Title: Against Ecological Authoritarianism: Towards a Critique of „Planetary” Politics
Authors: Mark Horvath & Adam Lovasz
Abstract: Contemporary society is dominated by the undeniable reality of the Anthropocene ecological crisis. Only the most foolish of political actors deny the very real danger of climate change. In a certain subset of the ecopolitical literature, however, this topic is framed as a problem of governance. Supposedly, the unintended consequences of numerous micro-level human actions can be addressed by macro-level government interventions. Such post-neoliberal discourses of eco-governmentality are informed by an emphasis upon the „planetary.” Our presentation seeks to critically engage with both the notion of a supposedly „planetary” community of interests, and also reject the idea of global eco-governmentality. In our view, not only does the misguided emphasis on global ecological governance oversimply the planetary predicament, obscuring differences between cultures and social power structures; it also runs the risk of obviating local democracy and could also lead to an ecologically legitimated undemocratic global technocracy. Instead of centralization, further decentralization could be key to both thinking and acting „glocally”, without expecting too much from the political system. In our view, Dan Shahar has made an excellent case against government-led ecologism. Similarly, recent critiques relating to the ethical and political pitfalls of geoengineering can also help us construct a more inclusive, bottom-up form of positive ecopolitics.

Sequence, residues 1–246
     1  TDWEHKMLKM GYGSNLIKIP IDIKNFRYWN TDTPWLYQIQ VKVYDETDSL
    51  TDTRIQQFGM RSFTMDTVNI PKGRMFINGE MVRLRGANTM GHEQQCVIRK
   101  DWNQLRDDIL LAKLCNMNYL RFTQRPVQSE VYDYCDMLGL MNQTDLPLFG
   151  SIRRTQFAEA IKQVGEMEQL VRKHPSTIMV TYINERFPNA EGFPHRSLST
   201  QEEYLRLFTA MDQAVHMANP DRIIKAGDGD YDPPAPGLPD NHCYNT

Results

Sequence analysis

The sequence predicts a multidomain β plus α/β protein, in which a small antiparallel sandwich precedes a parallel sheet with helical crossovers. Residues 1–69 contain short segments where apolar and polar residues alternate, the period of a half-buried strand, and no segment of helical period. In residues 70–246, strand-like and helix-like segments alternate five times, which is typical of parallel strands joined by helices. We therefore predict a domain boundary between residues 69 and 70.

Keywords: Anthropocene, cosmopolitics, democracy, ecopolitics, governance